Once you have completed these steps, you are going to publish the Tags. To do this, click ‘Publish’ in the upper right corner. Your Tags are live and collecting data from that point on.

Step 9. Look in Google Analytics to see if conversions are being measured correctly. This could look like this.

It was! – Google Tag Manager setup

You now have the basics in place and are ready to optimize your Google Analytics: GA4 Configuration. You know how to set up events in GA4, how to ensure that every interaction on your website is measured correctly, and how this data is displayed in Google Analytics. Always test your setup to ensure that all events are triggered correctly and that the data appears accurately in your reports. Good luck adding more Tags and triggers!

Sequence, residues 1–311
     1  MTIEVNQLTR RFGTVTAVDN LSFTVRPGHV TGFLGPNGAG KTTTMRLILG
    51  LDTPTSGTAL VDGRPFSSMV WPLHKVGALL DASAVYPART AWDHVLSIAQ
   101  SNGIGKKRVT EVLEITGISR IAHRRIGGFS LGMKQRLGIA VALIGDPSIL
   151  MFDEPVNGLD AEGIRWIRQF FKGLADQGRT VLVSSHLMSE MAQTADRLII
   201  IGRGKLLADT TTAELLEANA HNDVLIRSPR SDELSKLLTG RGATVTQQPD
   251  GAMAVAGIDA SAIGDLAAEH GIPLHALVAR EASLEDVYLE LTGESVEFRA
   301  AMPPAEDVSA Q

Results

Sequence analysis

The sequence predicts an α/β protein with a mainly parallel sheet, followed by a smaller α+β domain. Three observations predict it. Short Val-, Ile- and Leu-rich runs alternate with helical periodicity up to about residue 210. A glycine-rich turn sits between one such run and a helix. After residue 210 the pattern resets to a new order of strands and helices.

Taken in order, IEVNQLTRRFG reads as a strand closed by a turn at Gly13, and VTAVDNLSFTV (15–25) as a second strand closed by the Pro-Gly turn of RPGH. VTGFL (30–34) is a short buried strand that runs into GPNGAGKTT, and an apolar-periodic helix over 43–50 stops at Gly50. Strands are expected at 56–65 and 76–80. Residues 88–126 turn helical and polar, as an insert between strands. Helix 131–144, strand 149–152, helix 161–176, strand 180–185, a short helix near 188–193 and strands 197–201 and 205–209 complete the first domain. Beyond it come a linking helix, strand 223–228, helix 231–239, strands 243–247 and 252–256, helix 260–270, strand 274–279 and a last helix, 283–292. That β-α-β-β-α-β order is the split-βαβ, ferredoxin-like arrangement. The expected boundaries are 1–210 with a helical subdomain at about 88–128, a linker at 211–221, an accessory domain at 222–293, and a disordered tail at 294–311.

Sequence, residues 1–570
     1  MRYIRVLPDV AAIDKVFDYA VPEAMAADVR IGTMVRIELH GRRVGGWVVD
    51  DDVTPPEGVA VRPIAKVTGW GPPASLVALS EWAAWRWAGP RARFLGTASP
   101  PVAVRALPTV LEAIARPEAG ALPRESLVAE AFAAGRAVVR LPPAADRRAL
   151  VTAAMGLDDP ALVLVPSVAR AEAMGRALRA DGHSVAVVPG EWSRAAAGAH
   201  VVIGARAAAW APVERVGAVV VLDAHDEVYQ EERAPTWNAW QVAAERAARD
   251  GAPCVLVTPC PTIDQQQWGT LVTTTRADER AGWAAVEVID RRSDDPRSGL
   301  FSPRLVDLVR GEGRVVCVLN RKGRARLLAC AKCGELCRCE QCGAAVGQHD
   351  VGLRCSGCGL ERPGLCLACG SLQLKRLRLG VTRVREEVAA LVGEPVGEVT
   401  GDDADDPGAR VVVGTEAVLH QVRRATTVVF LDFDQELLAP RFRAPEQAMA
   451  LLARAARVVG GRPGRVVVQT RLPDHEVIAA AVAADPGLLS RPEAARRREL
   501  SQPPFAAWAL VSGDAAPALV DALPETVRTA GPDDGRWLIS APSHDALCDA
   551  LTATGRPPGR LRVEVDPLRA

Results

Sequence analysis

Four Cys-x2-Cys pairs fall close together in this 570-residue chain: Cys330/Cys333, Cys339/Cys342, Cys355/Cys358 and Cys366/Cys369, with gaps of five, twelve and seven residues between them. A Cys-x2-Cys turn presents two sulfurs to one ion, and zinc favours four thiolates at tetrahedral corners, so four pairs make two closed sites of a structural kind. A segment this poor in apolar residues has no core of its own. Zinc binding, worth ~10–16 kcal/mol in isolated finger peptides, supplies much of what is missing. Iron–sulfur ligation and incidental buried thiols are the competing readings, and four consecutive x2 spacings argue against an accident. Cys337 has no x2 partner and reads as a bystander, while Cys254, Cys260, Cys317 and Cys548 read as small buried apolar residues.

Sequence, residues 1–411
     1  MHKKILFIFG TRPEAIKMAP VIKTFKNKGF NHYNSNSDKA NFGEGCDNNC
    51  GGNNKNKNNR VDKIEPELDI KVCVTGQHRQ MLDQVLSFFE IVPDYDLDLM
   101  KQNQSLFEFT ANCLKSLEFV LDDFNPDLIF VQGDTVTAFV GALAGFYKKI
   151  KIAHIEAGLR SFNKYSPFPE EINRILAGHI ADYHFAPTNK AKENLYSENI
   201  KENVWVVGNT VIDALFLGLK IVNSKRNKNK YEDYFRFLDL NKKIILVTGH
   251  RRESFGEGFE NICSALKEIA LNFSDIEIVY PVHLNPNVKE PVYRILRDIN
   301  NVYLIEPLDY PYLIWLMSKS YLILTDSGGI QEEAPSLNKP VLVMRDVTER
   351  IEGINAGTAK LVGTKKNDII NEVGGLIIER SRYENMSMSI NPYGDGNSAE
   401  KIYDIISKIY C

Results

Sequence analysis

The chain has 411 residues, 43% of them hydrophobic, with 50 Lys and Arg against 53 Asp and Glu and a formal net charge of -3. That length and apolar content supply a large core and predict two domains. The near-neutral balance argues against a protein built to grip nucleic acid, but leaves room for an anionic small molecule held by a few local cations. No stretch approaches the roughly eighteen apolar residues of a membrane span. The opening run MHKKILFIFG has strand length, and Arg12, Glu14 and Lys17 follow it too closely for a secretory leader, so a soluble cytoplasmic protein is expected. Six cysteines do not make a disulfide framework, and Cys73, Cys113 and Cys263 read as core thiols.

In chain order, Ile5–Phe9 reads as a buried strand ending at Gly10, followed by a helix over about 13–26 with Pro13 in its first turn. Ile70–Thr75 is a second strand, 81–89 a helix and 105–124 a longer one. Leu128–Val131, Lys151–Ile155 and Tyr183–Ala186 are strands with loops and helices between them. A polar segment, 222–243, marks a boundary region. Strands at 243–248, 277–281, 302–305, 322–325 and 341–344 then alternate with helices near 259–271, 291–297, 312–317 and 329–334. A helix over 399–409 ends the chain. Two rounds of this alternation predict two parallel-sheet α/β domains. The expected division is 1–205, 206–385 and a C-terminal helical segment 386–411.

Server Side Google Tag Manager (SGTM).

After you configure Google Tag Manager in the Web container, the next step is to set up Server Side Tracking. This starts with setting up Server Side Google Tag Manager for your various platforms. At TAGGRS, our experts have created specific templates for the most popular platforms. You can easily download these from the TAGGRS Template Gallery, which is available through your TAGGRS Dashboard. These templates enable you to quickly and flawlessly implement Server Side tracking on familiar platforms. For more information on these templates and how to apply them, read our blog on the TAGGRS Template Gallery.

template gallery

If you want to set up Server Side tracking for your own website, follow the instructions in our blog on GTM Server Side tagging.

At TAGGRS, we will guide you from start to finish in configuring your Google Tag Manager so that you can ultimately measure all of your website’s user data effectively.
Tip: when you have Server Side set up via TAGGRS, you can use additional useful tools within the TAGGRS Dashboard such as the Data Enricher that allows you to track even more data. Or a tool to anonymize IP addresses that makes you even more GDPR compliant. See all the tools in your TAGGRS dashboard!